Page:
- Apply state-of-the-art genomic approaches to postmortem brain analysis for novel gene discovery and gene expression profiling in sleep disorders. Possible approaches include microarrays, quantitative real-time PCR assays, and serial analysis of gene expression (SAGE). These methods, among many others, provide information about normal and abnormal gene expression in a tissue or cell. Details must be refined regarding applicability of this technology in human brain tissues with variable agonal conditions (e.g., pH changes) and postmortem intervals. The methods for relating expression data to disease-model databases and gene sequence databases (e.g., single nucleotide databases) will also require refinement. Multifactorial and multilevel analyses will need to combine massive gene expression datasets with the clinical diagnosis, medication, family history of the illness, and genetic heritage of each subject.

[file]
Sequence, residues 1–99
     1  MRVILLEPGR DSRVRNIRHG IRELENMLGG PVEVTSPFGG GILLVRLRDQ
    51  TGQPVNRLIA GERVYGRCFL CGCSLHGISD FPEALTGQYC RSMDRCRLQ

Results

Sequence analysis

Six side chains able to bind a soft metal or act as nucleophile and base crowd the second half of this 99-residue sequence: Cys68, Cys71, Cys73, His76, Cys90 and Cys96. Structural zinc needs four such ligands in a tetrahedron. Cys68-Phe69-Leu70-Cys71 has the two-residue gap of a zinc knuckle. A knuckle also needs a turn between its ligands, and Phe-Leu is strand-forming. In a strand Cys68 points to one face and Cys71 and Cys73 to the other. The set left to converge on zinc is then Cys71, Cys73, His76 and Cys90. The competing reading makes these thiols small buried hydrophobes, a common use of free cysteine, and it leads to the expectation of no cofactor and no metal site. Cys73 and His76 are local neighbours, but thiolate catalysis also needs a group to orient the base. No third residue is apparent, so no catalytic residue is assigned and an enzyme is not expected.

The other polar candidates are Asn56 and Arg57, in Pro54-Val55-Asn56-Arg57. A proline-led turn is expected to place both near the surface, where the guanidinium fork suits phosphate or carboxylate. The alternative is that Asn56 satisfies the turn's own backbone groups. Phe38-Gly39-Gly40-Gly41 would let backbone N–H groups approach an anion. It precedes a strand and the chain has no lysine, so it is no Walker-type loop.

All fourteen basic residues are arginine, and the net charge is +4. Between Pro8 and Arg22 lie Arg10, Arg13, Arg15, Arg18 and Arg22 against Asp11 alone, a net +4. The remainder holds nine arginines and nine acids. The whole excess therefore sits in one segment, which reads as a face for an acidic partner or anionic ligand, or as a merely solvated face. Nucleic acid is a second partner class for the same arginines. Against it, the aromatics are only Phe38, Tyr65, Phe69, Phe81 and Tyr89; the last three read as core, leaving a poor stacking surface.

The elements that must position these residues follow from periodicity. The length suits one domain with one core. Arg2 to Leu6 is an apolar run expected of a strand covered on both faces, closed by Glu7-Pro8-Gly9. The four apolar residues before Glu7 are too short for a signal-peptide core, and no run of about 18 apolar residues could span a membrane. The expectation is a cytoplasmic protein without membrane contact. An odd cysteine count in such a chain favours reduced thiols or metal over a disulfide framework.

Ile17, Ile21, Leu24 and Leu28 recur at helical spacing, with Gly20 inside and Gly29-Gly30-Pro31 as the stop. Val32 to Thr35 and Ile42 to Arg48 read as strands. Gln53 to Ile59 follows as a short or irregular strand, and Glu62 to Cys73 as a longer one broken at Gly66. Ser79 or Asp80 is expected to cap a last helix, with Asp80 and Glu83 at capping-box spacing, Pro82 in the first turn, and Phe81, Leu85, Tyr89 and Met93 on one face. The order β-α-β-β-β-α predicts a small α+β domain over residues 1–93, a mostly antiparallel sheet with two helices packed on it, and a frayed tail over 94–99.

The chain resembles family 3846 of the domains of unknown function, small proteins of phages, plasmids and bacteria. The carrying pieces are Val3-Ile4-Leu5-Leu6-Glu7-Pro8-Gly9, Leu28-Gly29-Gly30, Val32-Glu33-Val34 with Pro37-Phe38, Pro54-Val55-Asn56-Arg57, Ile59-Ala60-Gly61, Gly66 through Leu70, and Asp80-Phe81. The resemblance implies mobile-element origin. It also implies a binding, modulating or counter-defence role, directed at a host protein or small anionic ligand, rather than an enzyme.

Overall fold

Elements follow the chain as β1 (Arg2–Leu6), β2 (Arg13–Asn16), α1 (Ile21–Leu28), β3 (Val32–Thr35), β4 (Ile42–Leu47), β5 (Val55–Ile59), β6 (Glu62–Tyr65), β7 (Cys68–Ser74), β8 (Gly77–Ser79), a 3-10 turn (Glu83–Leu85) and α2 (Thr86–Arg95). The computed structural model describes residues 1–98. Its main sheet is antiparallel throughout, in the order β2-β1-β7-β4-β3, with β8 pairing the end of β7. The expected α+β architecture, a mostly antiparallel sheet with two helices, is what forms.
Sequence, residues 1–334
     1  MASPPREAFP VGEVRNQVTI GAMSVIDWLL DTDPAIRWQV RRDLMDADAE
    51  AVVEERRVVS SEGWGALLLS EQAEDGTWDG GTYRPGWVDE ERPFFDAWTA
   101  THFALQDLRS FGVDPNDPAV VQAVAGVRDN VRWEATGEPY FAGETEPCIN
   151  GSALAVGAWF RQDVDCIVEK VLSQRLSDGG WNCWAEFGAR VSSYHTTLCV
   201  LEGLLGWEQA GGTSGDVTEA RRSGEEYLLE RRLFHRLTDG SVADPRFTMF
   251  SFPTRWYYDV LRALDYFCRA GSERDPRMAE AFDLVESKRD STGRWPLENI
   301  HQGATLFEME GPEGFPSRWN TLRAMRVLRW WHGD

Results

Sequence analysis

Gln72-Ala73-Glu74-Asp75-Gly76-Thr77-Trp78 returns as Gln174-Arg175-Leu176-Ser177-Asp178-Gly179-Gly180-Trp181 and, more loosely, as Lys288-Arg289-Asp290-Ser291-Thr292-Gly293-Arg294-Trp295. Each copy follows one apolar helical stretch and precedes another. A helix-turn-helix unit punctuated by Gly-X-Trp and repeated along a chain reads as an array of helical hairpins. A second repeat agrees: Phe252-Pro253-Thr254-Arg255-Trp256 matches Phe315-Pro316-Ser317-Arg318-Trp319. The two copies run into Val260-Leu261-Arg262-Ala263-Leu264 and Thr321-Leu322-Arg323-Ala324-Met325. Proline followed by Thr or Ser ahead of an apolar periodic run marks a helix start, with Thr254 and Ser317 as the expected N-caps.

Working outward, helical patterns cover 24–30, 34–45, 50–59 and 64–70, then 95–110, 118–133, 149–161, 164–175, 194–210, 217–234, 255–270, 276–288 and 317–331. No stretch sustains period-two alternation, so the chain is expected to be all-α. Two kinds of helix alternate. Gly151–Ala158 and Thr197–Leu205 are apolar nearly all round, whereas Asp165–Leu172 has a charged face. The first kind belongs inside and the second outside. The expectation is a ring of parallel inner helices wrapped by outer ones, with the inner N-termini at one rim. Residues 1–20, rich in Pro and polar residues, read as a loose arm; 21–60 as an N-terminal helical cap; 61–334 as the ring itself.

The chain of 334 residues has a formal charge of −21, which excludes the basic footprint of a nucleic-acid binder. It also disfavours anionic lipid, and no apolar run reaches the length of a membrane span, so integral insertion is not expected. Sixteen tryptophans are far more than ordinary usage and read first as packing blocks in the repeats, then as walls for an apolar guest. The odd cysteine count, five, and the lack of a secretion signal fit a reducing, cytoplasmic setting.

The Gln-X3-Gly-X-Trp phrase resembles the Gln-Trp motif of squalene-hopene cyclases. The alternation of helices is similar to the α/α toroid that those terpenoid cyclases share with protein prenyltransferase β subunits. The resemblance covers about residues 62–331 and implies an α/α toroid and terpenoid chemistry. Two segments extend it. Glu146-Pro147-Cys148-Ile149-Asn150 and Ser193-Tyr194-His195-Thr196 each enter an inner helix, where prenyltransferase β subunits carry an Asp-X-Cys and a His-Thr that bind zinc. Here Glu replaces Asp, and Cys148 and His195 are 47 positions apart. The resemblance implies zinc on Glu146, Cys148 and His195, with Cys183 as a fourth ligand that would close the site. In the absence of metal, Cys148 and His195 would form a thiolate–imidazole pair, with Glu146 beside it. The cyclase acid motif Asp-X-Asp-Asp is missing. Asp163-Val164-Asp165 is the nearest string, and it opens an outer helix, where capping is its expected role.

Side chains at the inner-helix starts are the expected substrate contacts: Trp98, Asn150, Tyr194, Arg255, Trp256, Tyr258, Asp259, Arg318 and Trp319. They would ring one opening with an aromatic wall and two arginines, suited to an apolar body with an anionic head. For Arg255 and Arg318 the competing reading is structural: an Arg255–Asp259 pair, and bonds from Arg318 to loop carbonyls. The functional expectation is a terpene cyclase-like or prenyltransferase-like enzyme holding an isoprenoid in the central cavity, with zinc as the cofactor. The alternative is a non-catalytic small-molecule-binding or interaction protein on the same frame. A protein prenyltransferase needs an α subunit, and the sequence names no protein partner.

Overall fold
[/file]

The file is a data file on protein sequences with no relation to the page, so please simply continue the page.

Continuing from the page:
- Ensure neuropathology limbs to large, multi-institutional studies of human sleep disorders for analysis and storage of specimens (e.g., brain, CSF, blood), and for correlation of neurochemical, cellular, and/or genetic markers with clinical pathophysiology.

- Analyze the spatial and temporal profiles of sleep-related molecules across development including aging in relevant brain regions (e.g., hypothalamus, basal forebrain, brainstem, thalamus, cerebral cortex) in human postmortem brain.

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National Heart Lung and Blood Institute (Click Here) National Center on Sleep Disorders Research (Click Here)